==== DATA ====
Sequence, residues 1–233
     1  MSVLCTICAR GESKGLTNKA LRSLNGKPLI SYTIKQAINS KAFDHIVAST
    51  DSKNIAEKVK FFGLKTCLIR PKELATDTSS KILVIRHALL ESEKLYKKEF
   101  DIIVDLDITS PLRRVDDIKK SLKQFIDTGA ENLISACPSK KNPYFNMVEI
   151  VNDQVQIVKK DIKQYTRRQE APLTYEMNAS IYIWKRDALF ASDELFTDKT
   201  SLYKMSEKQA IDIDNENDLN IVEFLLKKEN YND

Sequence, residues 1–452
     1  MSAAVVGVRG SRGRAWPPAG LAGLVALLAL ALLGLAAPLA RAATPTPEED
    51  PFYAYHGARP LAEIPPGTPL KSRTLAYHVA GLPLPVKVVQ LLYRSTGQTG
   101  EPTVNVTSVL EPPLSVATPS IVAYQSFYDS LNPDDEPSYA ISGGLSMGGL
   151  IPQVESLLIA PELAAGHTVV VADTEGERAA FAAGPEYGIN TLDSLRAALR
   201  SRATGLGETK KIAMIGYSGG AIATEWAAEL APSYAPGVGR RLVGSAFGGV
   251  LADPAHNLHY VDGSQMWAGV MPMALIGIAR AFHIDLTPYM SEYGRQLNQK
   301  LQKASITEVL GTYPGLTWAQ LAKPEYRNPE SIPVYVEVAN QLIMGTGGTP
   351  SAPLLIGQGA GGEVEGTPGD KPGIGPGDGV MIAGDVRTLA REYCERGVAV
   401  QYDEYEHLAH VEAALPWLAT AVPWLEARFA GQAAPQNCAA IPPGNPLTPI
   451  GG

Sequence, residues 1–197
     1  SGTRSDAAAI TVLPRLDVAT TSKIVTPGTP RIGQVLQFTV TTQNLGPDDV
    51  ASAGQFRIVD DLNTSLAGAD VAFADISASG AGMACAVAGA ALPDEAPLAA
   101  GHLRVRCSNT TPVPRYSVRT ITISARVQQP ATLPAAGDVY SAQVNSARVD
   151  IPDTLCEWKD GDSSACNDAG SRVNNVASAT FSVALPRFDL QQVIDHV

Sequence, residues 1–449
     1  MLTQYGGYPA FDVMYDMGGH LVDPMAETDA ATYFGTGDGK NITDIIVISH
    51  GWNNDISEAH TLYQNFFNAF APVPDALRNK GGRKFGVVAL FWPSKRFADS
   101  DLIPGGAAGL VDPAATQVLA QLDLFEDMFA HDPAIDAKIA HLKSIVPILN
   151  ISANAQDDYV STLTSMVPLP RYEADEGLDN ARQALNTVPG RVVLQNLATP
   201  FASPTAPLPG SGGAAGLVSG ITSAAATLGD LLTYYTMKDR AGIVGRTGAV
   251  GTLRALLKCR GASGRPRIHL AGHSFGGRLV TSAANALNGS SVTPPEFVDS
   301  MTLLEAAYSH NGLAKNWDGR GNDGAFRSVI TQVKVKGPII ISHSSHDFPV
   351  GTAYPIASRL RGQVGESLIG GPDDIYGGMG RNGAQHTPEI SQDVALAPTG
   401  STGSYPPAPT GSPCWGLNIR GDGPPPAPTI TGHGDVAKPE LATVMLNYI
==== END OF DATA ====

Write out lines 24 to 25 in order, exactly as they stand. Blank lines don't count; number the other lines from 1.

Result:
     1  MLTQYGGYPA FDVMYDMGGH LVDPMAETDA ATYFGTGDGK NITDIIVISH
    51  GWNNDISEAH TLYQNFFNAF APVPDALRNK GGRKFGVVAL FWPSKRFADS